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MD Anderson Genetic Testing
Between 5% and 10% of all cancers are hereditary, which means that changes (or mutations) in specific genes are passed from one blood relative to another. People who inherit one of these gene changes will have a higher risk of developing cancer at some point in their life. Genetic counseling can help people understand this risk.
Genetic counseling is not for everyone. In most cases, people who need genetic counseling fit into one of two groups.
Group one includes people who are cancer-free but, due to other medical conditions or family history, may have an increased risk for developing the disease. This includes people with:
two or more close family members with the same type of cancer. For example, a mother and sister with breast cancer or a father and daughter with colorectal cancer.
the same type of cancer in several generations of a family.
ancestry and family history of breast or ovarian cancer.
polyposis, or multiple polyps in the stomach or intestines.
Group two includes people who have a cancer diagnosis and want to learn if it is genetic. Not everyone with cancer needs genetic counseling, though. Instead, it is usually recommended for patients who have:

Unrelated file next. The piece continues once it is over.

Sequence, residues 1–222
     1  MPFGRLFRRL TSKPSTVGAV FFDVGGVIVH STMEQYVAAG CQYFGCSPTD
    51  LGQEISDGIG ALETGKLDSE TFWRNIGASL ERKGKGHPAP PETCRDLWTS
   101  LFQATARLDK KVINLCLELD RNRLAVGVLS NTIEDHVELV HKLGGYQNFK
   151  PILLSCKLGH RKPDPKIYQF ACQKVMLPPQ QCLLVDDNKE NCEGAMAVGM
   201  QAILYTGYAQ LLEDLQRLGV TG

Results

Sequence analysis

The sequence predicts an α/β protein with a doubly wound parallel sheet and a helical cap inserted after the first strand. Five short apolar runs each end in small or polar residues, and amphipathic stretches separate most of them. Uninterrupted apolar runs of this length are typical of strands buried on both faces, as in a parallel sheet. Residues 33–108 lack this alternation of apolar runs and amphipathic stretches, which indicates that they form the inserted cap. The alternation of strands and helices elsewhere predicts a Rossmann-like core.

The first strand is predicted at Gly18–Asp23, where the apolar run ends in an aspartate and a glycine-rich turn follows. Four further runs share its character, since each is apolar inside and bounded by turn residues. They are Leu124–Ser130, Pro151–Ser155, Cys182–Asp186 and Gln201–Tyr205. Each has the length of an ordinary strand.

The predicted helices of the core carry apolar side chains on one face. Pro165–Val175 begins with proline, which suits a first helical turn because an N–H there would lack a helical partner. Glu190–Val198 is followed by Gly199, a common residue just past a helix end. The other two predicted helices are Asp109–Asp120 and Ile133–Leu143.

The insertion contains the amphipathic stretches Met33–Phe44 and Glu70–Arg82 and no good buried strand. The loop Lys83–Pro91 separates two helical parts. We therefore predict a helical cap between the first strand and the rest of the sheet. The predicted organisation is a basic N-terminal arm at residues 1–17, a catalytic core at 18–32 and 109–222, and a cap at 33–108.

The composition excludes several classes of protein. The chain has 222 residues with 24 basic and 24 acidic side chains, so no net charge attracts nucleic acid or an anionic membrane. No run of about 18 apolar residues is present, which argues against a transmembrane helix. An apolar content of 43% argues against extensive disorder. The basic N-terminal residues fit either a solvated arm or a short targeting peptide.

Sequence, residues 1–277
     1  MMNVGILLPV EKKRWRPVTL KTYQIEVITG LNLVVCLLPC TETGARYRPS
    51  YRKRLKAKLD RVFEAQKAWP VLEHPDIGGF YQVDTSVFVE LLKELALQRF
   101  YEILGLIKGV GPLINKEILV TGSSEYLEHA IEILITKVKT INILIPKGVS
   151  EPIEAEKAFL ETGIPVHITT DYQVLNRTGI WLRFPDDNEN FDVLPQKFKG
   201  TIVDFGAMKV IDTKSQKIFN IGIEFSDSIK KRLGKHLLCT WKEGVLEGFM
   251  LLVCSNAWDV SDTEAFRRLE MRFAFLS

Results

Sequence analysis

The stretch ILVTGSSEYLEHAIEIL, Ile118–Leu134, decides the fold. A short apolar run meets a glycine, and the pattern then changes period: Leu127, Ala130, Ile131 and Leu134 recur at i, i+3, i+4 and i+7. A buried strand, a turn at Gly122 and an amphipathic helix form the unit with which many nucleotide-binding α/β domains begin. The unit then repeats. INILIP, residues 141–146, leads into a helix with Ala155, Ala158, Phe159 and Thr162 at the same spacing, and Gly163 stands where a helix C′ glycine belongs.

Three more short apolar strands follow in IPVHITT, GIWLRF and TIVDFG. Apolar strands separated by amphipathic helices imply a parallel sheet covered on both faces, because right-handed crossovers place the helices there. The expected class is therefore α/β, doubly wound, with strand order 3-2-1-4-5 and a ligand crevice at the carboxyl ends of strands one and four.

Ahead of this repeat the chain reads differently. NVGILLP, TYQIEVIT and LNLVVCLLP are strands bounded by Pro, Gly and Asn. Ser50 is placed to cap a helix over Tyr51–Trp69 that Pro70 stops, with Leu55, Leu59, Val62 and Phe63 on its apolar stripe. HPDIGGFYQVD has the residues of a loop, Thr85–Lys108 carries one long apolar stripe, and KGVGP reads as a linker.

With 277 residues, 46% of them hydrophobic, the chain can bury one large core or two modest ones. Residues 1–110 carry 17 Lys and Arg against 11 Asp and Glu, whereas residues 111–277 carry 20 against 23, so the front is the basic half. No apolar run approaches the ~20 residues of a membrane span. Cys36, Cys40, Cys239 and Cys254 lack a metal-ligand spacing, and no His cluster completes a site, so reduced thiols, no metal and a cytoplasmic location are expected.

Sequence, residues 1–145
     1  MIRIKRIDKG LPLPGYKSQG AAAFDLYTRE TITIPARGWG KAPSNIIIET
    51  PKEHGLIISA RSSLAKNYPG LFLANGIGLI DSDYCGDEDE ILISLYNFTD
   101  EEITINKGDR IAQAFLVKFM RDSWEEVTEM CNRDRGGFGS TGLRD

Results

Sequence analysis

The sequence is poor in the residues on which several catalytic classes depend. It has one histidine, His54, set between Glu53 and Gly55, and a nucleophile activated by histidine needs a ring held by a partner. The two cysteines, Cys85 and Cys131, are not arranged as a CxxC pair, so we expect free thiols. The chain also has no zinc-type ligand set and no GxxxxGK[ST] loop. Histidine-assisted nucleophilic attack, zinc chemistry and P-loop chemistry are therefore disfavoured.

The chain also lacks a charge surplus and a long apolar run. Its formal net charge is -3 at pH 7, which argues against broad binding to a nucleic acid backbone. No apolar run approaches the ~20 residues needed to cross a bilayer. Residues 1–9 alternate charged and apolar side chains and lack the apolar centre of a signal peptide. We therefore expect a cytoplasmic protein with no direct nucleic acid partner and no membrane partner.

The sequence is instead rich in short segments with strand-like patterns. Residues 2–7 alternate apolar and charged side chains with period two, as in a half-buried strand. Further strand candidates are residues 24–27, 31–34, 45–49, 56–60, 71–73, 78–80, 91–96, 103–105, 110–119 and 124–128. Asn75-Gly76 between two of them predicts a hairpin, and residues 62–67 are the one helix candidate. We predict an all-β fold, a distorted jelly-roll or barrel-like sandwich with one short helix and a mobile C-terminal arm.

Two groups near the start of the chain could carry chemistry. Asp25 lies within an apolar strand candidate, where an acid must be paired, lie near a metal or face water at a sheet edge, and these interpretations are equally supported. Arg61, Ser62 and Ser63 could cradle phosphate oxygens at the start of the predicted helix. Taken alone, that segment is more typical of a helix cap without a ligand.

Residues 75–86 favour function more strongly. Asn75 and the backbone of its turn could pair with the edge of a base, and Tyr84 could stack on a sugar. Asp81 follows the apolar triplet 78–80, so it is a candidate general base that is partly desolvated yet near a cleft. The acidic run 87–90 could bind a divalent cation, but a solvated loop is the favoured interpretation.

developed cancer at an earlier age than usual for their disease
been diagnosed with two or more separate cancers
developed a rare type of cancer, such as male breast cancer or medullary thyroid cancer
family history of the same or related type of cancer
If you fit into one of these categories, it's a good idea to meet with a genetic counselor.
About genetic counseling
The first step to understanding your genetic cancer risk is a genetic counseling session. There are several steps to these sessions.
Medical and family history review
The genetic counselor will take your medical history, as well as a cancer-focused family tree going back generations. Based on this information, the counselor will discuss how your family’s cancer history may be hereditary and what that means for you.